Pentagon revamps Lockheed satellite program
By Andrea Shalal-Esa
WASHINGTON (Reuters) – Pentagon acquisitions chief Kenneth
Krieg has decided to continue a Lockheed Martin Corp.
missile-warning satellite program after a restructuring that
will cut two satellites from the multibillion-dollar plan,
according to a copy of his letter to Congress.
Krieg told the Senate Armed Services Committee the Space
Based Infrared System High program was “essential to the
national security,” there were no cheaper alternatives, and new
cost estimates for the program — which has been over budget
for years — were reasonable.
A copy of the December 12 letter was obtained by Reuters,
which reported the expected restructuring last week.
Krieg’s office last month told Congress the SBIRS program,
meant to provide early warning of missile attacks, was nearly
11 percent over budget, with costs now expected to reach $10.6
billion. Krieg’s letter did not explain the impact of the
restructuring on that cost estimate.
The program, initially planned to cost $3 billion to $4
billion, has had myriad problems over the past years.
Under the restructuring, Krieg said SBIRS would include
completion of the development program, which calls for two
high-earth, or geosynchronous, satellites, two highly
elliptical orbit payloads and associated ground systems.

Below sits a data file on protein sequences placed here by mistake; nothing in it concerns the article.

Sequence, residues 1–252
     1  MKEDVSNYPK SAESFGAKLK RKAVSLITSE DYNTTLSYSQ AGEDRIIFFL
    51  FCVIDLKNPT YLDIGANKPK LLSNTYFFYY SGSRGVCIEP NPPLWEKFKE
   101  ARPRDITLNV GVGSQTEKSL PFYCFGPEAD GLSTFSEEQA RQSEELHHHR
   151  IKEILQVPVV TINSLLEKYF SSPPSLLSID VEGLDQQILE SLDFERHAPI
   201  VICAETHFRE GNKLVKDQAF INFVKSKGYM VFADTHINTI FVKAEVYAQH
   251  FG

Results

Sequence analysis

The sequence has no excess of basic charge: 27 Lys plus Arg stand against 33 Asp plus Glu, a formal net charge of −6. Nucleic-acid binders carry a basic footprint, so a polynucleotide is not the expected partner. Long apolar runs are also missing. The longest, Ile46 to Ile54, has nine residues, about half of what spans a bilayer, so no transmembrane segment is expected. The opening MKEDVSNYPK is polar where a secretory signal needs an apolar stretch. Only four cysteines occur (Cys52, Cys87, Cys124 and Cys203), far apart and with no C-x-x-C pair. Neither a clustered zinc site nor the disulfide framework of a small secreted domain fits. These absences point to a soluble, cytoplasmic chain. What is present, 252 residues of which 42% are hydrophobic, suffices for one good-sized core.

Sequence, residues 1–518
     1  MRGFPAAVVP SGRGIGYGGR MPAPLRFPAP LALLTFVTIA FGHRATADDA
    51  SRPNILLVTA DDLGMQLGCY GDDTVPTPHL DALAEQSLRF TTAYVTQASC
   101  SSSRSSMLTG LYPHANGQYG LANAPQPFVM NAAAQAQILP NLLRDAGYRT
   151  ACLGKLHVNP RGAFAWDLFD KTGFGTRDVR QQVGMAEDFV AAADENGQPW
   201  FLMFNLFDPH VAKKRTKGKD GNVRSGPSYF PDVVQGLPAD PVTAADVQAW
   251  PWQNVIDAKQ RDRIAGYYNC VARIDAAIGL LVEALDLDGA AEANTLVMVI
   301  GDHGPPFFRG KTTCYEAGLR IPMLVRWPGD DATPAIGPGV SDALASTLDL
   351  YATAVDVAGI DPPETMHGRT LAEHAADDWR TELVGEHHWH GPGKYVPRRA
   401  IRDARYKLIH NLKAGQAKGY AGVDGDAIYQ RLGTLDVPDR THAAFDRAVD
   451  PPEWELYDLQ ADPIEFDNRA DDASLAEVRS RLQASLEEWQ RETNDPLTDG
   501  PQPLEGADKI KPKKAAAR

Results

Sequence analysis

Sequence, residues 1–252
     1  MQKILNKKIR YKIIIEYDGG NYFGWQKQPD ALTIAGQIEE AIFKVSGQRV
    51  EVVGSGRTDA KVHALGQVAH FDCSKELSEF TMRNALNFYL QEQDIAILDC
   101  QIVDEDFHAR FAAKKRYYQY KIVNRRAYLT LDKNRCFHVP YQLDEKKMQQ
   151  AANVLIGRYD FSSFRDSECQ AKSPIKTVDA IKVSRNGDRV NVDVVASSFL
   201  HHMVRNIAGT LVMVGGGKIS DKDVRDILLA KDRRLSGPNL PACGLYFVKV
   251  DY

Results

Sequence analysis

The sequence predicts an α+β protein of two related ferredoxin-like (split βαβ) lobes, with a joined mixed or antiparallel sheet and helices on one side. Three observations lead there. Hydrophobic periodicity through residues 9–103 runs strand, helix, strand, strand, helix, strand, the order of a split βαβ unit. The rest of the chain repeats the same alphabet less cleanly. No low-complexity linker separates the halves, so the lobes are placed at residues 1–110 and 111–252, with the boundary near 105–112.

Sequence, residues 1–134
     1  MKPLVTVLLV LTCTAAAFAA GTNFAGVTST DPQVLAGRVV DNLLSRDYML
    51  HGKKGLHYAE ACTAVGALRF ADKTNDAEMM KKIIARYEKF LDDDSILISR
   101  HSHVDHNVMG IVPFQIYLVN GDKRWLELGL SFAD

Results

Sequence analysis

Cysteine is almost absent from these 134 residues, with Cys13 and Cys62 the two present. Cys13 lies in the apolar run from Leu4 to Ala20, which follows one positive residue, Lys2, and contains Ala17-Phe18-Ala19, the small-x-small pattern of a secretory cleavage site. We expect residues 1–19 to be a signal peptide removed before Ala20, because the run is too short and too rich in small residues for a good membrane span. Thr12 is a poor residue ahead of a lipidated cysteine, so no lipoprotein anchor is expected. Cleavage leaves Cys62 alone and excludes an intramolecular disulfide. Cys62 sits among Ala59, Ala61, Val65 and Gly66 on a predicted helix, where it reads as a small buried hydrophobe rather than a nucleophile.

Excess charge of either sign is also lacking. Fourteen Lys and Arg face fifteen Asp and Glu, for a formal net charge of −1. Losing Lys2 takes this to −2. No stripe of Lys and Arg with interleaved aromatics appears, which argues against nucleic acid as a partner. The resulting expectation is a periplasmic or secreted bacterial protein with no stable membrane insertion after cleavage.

Krieg’s letter said the government would procure one additional
geosynchronous satellite, instead of the three initially
planned following the development phase.
He would not award a contract for the additional high-earth
orbit satellite until he was confident about the performance of
the developmental version.
Krieg also vowed to conduct “enhanced oversight of the
program to ensure that cost and management are closely
In addition, he said he would work with Congress to
initiate a new competitor program for space-based “Overhead
Non-Imaging Infrared” satellites to generate competition and
exploit new technologies.
“Given the continued importance to support strategic and
theater missile warning and defense, I am convinced there is a
need to develop a competitor capability, in parallel with the
SBIRS program, to ensure the nation’s missile warning capacity
is sustained,” Krieg told the committee.
Bethesda, Maryland-based Lockheed had no immediate comment
on the letter. Northrop Grumman Corp., based in Los Angeles, is
the primary subcontractor on the program.